Here is the statutory language (from Brian Galle):

Sec. 127. During fiscal year 2016—
(1) none of the funds made available in this or any other Act may be used by the Department of the Treasury, including the Internal Revenue Service, to issue, revise, or finalize any regulation, revenue ruling, or other guidance not limited to a particular taxpayer relating to the standard which is used to determine whether an organization is operated exclusively for the promotion of social welfare for purposes of section 501(c)(4) of the Internal Revenue Code of 1986 (including the proposed regulations published at 78 Fed. Reg. 71535 (November 29, 2013)); and 
(2) the standard and definitions as in effect on January 1, 2010, which are used to make such determinations shall apply after the date of the enactment of this Act for purposes of determining status under section 501(c)(4) of such Code of organizations created on, before, or after such date.

Here are additional statutory provisions (from Lloyd Mayer):

  • Division E, Title II, Section 610(a)(2) prohibiting the Executive Office of the President from asking the Treasury or IRS for a determination with respect to a 501(c) tax-exempt organization.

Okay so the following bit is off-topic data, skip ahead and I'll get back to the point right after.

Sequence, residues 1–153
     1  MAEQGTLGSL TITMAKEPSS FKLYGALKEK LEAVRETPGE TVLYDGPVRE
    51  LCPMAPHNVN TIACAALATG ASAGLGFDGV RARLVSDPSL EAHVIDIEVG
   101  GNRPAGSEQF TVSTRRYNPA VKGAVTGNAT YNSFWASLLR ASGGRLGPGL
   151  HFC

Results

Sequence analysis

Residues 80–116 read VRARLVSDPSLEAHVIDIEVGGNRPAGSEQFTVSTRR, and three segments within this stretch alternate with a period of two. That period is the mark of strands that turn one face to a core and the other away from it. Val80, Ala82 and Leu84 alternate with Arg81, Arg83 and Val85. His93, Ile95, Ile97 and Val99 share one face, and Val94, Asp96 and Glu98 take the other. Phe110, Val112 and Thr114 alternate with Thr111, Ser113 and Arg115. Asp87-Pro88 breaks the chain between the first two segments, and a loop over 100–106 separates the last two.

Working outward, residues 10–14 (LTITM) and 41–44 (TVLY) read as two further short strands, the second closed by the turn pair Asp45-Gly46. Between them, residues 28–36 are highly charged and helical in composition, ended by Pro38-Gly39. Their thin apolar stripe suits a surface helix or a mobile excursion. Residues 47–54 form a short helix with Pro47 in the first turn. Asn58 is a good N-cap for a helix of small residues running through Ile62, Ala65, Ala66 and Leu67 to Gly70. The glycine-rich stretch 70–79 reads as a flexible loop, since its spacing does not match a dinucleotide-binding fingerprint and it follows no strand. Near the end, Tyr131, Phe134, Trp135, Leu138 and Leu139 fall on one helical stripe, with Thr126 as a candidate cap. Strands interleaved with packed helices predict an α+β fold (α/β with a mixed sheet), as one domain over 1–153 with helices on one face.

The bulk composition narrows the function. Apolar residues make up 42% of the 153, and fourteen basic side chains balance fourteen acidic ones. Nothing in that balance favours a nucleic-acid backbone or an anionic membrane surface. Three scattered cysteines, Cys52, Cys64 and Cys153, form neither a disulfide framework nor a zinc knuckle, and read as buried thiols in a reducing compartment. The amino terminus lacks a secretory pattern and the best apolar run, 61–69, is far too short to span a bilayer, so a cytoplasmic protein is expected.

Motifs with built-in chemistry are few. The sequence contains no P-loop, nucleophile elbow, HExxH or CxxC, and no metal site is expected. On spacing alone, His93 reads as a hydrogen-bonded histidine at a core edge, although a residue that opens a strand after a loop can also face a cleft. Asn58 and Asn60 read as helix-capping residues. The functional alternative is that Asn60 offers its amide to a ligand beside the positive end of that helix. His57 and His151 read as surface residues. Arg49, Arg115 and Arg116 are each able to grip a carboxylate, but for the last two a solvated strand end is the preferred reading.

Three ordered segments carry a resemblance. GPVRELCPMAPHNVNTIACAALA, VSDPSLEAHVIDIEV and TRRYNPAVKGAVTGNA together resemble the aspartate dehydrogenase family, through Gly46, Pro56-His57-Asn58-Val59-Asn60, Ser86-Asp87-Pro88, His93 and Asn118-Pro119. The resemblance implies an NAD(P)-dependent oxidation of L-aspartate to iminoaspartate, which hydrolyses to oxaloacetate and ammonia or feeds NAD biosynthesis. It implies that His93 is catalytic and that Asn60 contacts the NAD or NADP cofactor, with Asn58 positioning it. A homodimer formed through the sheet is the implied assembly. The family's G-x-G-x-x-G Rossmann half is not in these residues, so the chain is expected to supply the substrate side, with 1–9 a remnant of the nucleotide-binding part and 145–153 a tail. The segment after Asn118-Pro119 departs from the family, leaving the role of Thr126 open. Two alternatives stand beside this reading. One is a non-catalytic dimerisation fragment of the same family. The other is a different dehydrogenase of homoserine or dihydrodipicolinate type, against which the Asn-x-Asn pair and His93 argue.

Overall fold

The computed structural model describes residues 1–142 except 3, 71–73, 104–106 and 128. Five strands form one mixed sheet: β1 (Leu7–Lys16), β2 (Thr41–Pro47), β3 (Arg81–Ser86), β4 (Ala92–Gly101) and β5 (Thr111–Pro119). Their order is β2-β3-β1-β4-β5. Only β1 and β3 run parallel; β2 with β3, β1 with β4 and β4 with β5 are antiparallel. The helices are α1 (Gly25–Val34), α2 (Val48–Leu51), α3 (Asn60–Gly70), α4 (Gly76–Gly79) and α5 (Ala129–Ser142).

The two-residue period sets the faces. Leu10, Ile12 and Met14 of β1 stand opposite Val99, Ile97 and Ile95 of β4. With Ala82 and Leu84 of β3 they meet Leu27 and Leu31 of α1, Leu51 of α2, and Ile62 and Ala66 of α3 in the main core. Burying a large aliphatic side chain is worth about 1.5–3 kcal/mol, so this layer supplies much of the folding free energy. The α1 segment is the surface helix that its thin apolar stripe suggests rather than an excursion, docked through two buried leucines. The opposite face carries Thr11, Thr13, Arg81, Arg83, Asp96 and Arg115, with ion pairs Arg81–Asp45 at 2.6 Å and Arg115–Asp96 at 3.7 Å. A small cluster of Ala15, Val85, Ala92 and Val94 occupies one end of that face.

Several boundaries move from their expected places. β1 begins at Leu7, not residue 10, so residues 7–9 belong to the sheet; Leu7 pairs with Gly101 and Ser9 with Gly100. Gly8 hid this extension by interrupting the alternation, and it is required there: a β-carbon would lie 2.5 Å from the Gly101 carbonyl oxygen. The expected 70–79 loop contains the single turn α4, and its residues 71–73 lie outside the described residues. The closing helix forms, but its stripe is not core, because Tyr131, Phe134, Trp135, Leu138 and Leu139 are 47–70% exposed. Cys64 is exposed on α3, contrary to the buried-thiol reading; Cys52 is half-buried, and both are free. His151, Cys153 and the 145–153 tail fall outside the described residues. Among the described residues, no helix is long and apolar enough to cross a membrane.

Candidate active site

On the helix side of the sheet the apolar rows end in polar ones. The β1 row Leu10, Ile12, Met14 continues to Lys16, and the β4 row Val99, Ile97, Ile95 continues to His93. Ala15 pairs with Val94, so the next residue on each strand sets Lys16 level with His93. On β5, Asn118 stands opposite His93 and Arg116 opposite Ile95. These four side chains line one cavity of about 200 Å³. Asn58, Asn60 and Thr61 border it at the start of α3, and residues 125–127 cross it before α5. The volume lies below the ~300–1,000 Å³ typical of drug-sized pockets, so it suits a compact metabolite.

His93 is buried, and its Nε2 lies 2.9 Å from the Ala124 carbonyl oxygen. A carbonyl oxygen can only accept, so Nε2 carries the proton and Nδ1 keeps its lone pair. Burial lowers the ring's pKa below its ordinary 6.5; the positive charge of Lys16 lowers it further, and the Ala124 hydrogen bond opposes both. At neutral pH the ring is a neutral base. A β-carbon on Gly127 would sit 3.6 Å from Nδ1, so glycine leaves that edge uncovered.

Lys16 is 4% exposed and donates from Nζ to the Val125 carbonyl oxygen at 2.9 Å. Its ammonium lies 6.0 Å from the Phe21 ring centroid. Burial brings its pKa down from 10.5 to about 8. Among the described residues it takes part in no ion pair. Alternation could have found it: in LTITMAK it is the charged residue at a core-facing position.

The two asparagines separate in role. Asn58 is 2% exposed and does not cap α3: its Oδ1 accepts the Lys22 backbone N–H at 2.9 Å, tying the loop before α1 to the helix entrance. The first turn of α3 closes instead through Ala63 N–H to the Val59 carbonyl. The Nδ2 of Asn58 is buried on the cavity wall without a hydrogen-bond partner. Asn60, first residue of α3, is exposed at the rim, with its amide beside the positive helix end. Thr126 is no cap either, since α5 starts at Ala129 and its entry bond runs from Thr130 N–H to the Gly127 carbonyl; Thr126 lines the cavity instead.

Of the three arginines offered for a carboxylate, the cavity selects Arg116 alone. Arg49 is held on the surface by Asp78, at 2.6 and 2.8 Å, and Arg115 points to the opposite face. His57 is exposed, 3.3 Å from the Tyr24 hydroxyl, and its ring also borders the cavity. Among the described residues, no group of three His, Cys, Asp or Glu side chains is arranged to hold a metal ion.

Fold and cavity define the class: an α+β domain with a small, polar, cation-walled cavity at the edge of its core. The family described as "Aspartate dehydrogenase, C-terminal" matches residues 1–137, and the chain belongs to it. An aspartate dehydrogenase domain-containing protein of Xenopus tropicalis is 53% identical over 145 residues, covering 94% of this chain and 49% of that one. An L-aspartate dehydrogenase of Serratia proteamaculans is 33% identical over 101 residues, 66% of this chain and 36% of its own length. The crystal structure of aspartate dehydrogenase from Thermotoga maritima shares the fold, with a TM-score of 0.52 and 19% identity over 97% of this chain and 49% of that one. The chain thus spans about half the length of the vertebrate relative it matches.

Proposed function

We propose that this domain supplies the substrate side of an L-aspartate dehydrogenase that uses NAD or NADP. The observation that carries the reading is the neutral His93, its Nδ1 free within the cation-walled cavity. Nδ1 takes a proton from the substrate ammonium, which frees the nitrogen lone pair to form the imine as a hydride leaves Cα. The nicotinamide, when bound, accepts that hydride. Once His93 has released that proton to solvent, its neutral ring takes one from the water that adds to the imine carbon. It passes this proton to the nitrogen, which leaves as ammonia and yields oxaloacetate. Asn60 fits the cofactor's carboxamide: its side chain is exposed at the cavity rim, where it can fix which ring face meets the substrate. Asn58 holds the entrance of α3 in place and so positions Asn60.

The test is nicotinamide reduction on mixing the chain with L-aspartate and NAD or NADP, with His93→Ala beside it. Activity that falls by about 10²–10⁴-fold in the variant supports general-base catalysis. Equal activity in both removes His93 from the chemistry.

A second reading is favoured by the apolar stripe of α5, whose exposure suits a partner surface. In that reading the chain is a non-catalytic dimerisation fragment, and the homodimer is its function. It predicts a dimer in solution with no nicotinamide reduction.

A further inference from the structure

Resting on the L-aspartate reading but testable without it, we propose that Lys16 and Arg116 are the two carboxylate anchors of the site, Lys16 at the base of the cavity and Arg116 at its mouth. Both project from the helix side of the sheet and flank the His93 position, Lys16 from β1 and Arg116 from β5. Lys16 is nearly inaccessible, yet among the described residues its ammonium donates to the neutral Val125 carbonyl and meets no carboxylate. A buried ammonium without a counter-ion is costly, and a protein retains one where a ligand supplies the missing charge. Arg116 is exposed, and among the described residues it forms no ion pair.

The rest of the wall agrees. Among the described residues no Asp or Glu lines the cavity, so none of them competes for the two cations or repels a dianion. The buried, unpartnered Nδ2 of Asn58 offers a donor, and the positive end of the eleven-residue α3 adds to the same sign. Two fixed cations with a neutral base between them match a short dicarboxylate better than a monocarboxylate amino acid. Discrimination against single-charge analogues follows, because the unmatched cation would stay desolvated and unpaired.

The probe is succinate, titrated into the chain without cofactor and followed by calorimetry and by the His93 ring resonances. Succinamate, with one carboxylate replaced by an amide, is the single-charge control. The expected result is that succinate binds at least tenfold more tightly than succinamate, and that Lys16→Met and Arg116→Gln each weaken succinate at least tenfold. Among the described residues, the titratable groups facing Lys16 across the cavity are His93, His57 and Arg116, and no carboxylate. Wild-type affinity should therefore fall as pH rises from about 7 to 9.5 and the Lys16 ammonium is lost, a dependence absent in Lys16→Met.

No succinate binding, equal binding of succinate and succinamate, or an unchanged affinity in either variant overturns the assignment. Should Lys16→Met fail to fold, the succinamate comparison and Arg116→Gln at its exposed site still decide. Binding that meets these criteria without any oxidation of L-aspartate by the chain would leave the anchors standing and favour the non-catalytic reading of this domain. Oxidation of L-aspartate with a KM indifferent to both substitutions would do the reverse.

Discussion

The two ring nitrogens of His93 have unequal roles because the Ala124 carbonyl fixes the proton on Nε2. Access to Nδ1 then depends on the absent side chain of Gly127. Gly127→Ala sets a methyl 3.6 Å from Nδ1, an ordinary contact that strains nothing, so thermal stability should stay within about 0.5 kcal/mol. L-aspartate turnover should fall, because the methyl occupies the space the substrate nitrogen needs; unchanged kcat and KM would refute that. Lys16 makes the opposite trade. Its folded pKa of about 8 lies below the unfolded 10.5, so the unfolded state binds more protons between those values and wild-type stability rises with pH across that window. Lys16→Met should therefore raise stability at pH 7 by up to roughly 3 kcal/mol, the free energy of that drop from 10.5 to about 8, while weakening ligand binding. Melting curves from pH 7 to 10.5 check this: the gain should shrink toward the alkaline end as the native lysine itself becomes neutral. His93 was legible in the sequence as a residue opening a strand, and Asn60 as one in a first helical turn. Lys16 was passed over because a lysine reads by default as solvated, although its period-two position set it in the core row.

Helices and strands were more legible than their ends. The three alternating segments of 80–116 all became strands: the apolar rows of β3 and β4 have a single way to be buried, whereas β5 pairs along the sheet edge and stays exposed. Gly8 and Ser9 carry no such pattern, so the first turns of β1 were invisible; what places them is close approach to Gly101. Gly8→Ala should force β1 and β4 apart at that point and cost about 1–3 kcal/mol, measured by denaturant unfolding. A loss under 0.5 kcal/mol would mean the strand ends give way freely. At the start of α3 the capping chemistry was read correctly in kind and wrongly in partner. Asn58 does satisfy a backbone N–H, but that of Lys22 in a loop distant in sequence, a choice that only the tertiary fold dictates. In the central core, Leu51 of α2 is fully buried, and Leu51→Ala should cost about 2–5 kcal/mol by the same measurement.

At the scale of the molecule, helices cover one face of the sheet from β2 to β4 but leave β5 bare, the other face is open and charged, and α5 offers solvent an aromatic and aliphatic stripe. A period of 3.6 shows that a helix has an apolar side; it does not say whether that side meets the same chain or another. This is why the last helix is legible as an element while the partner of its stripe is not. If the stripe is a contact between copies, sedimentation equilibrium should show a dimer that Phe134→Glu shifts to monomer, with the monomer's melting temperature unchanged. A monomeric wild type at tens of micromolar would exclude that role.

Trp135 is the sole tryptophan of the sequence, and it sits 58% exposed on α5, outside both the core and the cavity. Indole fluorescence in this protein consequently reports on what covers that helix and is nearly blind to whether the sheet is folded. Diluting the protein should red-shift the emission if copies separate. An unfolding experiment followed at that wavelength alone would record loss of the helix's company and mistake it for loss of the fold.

• Division O, Title V, Section 707 prohibiting the use of funds by the SEC to pursue disclosure of political spending.

And in Division Q, which contains most of the tax provisions (the descriptions are just the headers from the table of contents for the bill):

  • 402. IRS employees prohibited from using personal email accounts for official business.
  • 403. Release of information regarding the status of certain investigations. [Limited to investigations relating to unauthorized disclosure of information or other unauthorized acts and limiting the release to the person whose return or return information is at issue if they provided information relating to the disclosure or act.]
  • 404. Administrative appeal relating to adverse determinations of tax-exempt status of certain organizations.
  • 405. Organizations required to notify Secretary of intent to operate under 501(c)(4).
  • 406. Declaratory judgments for 501(c)(4) and other exempt organizations.
  • 407. Termination of employment of Internal Revenue Service employees for taking official actions for political purposes.
  • 408. Gift tax not to apply to contributions to certain exempt organizations. [Note that it does not cover the estate tax.]

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Gotta love this...."The ultimate harvest was the ginned-up IRS "scandal," "....really?

Posted by: Roux | Dec 17, 2015 9:36:59 AM

Congress is doing the IRS a favor by forcing it to avoid political judgment calls. Those judgments have been and will continue to be biased, due to human nature if for no other reason.

Posted by: AMTbuff | Dec 17, 2015 8:49:33 AM